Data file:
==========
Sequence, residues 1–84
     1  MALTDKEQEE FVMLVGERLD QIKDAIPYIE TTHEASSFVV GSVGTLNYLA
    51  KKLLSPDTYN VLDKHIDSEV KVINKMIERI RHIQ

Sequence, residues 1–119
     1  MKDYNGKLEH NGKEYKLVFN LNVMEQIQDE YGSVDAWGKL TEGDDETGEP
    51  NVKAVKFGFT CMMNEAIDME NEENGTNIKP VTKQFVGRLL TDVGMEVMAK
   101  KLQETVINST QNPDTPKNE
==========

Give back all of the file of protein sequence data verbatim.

Sequence, residues 1–84
     1  MALTDKEQEE FVMLVGERLD QIKDAIPYIE TTHEASSFVV GSVGTLNYLA
    51  KKLLSPDTYN VLDKHIDSEV KVINKMIERI RHIQ

Sequence, residues 1–119
     1  MKDYNGKLEH NGKEYKLVFN LNVMEQIQDE YGSVDAWGKL TEGDDETGEP
    51  NVKAVKFGFT CMMNEAIDME NEENGTNIKP VTKQFVGRLL TDVGMEVMAK
   101  KLQETVINST QNPDTPKNE